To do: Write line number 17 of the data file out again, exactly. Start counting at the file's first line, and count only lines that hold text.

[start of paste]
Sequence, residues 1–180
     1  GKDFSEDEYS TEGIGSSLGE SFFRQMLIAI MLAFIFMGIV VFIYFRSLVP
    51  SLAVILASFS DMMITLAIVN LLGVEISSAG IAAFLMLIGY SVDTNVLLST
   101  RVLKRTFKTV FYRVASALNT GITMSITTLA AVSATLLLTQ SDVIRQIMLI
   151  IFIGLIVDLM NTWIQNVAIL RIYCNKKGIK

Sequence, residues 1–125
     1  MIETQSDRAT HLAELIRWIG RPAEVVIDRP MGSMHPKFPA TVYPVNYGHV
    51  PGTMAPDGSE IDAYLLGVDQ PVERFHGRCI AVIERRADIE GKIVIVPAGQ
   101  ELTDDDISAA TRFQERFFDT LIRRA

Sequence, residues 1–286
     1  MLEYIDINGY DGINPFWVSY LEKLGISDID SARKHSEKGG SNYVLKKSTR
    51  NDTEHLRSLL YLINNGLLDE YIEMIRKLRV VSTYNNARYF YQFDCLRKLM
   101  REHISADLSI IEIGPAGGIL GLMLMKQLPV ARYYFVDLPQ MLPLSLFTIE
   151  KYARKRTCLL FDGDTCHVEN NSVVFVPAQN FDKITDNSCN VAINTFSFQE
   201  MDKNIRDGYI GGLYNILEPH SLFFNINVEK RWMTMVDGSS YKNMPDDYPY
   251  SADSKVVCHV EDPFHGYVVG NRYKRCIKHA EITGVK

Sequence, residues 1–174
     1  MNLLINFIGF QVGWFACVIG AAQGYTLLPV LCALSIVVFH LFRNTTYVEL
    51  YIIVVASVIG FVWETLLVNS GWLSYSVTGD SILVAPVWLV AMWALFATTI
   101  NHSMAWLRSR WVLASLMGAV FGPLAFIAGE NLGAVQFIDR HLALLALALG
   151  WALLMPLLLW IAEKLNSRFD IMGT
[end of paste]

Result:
Sequence, residues 1–174